There have been a fair few reformations of late. Some from the likes of Spandau Ballet and Boyzone who should have been left to die and others that were more exciting to hear of, blink-182, the end Godspeed’s hiatus and the return of grungy, alt-rock heroes Dinosaur Jr. On hearing the newest release from a reformed band, one’s instinctual reaction is to prepare to wince as you hear the scraping of the bottom of the barrel. Dinosaur Jr.’s 2009 release Farm is a massive exception, with a cascade of guitar distortion and masterful solo’s.
As J. Mascis trudged on stage, he wandered over to his fort of amps and turned every knob up before even glancing at his audience. The road crew has presumebly wised up to this habit as they slipped their earplugs in while I was left regretting pushing my way to the front.
Any complaint one might have with the rather clean sounding mastering of the new recordings since the reformation can be disgarded as the audience were treated to the true fuzzy distortion and raw howling solos of the grunge era, with the mumbles of Mascis struggling to compete with his own creation. The sheer volume of the music hit you like someone clapping you over the ears for the first few numbers, but like chicken-pox, it’s good to get it out of your system and hence build an immunity. By the third song I was so deaf I might as well have been wearing earplugs, so I saved myself £2.50.
J. Mascis started a band because he wanted to be an American rock star, and an American rock star he certainly is. Time has not left the band unchanged, it has robbed Mascis of his brown hair and ability to read a setlist that isn’t A1 in size, but fortunately the music remains intact. Playing classics and new material, it’s as if they never left. Despite regular drummer Murph being absent and replaced for the show, the drumming was not in the least a disappointment and despite a Nirvana influence standing right in front of me, my eyes were found foraying towards the tireless and talented drummer.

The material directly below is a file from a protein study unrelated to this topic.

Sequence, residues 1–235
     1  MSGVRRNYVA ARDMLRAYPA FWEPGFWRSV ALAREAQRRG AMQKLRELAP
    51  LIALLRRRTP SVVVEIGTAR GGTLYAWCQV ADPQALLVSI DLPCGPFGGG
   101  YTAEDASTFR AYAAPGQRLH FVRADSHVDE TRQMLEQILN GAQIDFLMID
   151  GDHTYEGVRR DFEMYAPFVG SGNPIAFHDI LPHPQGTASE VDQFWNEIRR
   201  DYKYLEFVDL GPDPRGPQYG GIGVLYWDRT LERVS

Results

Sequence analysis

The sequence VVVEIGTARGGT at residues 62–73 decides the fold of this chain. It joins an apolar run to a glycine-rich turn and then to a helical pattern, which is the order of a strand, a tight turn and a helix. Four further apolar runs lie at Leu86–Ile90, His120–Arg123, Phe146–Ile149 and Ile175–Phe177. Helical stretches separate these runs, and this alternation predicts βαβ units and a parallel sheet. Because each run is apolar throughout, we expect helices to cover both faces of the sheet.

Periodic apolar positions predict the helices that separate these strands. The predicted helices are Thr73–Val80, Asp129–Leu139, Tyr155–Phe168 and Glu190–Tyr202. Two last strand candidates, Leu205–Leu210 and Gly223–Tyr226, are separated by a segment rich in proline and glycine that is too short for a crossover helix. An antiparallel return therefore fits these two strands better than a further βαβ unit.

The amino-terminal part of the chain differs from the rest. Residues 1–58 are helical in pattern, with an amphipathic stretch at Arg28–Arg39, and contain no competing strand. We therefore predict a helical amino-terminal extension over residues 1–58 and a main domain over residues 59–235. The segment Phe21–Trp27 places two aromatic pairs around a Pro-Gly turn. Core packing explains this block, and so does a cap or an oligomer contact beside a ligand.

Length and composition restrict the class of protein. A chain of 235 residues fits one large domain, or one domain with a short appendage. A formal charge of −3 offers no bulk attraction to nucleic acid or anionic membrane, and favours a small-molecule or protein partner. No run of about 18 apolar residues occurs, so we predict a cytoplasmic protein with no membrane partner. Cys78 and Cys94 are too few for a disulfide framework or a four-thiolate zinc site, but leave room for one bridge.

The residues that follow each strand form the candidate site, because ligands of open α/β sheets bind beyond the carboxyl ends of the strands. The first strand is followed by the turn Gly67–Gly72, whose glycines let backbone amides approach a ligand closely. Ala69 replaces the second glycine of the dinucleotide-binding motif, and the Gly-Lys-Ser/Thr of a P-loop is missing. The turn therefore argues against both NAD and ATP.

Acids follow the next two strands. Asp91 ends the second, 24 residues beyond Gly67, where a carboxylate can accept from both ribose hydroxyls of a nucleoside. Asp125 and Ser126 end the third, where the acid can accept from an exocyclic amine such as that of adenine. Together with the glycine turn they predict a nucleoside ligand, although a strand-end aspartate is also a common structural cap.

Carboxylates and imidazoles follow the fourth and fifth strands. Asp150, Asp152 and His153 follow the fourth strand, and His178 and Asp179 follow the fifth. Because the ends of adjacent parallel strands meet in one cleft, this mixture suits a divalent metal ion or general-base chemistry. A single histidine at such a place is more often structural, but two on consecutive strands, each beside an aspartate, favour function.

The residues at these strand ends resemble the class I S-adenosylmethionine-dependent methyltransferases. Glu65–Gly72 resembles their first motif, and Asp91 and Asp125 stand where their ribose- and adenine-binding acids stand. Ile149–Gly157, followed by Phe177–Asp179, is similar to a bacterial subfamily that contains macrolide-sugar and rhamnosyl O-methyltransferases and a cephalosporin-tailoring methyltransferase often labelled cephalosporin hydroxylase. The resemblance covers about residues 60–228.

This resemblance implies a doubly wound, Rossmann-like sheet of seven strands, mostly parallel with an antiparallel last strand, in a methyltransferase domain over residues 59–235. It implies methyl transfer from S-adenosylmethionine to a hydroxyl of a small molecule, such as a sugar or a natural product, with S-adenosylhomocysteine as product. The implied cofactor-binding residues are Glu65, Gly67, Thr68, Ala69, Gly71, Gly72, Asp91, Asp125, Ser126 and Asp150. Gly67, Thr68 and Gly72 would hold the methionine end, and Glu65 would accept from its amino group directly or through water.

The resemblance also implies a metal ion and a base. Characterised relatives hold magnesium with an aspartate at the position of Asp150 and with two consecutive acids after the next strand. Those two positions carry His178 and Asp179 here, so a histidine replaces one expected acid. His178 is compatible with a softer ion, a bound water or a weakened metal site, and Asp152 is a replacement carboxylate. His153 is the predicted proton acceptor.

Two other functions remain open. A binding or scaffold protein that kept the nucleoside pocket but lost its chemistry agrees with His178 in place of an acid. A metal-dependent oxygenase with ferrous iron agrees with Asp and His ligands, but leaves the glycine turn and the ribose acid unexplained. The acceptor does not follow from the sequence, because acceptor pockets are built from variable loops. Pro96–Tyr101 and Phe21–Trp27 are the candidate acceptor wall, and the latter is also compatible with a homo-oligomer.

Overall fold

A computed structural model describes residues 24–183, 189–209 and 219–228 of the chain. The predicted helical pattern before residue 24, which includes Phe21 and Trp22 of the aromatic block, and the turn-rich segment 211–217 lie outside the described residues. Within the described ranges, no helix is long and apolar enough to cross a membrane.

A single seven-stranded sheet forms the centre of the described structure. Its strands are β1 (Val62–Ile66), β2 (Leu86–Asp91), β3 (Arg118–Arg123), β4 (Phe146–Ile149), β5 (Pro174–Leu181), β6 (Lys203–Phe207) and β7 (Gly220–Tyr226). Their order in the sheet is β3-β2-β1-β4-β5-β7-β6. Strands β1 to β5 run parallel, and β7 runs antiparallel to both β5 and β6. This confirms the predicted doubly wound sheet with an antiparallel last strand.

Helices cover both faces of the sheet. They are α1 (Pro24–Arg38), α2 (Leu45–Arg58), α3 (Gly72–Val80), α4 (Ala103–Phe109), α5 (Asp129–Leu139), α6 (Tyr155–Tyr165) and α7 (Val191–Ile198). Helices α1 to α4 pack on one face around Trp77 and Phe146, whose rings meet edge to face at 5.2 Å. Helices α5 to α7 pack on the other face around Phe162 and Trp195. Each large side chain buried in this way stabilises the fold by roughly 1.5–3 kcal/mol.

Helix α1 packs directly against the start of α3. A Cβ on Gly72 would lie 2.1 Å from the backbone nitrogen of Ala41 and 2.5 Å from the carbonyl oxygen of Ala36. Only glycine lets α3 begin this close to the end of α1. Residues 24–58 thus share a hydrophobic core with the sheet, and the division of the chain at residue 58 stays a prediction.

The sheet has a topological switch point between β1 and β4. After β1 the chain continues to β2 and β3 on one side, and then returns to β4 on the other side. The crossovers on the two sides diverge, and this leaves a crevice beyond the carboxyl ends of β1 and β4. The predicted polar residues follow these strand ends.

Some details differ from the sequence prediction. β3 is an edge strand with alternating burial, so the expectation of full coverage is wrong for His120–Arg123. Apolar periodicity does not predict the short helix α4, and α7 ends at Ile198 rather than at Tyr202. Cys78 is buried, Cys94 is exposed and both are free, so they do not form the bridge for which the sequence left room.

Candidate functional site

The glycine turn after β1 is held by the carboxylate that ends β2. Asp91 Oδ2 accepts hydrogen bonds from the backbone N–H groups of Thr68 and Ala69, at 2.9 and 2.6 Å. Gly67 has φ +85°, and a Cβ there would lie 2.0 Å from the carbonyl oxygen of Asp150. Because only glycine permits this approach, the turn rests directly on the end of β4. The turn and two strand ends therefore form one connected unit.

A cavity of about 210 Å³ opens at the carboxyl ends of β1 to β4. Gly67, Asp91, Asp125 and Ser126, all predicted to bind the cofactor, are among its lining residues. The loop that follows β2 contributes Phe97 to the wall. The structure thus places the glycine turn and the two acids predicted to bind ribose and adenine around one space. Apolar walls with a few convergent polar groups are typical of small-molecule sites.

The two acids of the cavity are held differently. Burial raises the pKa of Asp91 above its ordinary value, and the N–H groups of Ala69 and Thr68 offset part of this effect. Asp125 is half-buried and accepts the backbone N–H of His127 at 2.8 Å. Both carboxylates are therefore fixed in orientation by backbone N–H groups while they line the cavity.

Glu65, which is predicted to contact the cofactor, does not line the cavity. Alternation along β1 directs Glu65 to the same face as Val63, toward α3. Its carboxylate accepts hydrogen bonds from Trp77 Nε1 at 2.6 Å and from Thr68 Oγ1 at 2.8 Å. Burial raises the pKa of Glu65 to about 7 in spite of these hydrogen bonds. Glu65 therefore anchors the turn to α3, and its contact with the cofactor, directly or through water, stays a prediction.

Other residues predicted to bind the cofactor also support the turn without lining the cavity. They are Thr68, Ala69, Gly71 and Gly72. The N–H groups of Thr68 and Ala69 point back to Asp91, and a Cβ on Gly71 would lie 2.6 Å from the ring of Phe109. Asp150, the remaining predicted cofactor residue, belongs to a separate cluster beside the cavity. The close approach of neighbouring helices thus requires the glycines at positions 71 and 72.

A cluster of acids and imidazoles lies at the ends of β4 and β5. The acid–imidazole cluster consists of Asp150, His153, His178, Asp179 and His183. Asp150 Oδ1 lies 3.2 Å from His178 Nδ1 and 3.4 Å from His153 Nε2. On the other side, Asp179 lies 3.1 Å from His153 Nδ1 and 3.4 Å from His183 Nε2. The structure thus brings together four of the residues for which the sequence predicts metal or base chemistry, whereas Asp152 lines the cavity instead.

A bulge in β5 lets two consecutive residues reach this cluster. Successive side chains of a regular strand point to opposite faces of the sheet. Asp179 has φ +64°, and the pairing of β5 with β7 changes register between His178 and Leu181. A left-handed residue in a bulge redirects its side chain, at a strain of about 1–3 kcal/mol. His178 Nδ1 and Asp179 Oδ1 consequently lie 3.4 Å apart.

Mascis isn’t one for crowd interaction or...well, moving much, but maintained his rocker cool with hypnotising finger work, perhaps subliminally coaxing the audience ‘buy a t-shirt...buy a t-shirt’. No one wants to clap along or join in with singing anyway, this is a grunge gig, not Butlins.
Pieces despite being a track on the latest album Farm sounded like a classic with a recognisable sweet guitar riff and ringing chords. For me the mystery as to which song was coming next was thwarted by Mascis’s gargantuous setlist, but I at least knew what I had to look forward to.
The music of the influential Dinosaur Jr. pleased both the young grungers who were born a couple of decades too late as well as the middle-aged nostalgists of which the audience was majoritively made up. Support act Built To Spill made the major error of mentioning oil which coloured their set with touchy hecklers, plus technical difficulties didn't help; Dinosaur Jr. kept their mouths shut and delivered glorious sound to treat as well as permanently damage the ears. I swear, I’m still hearing that one.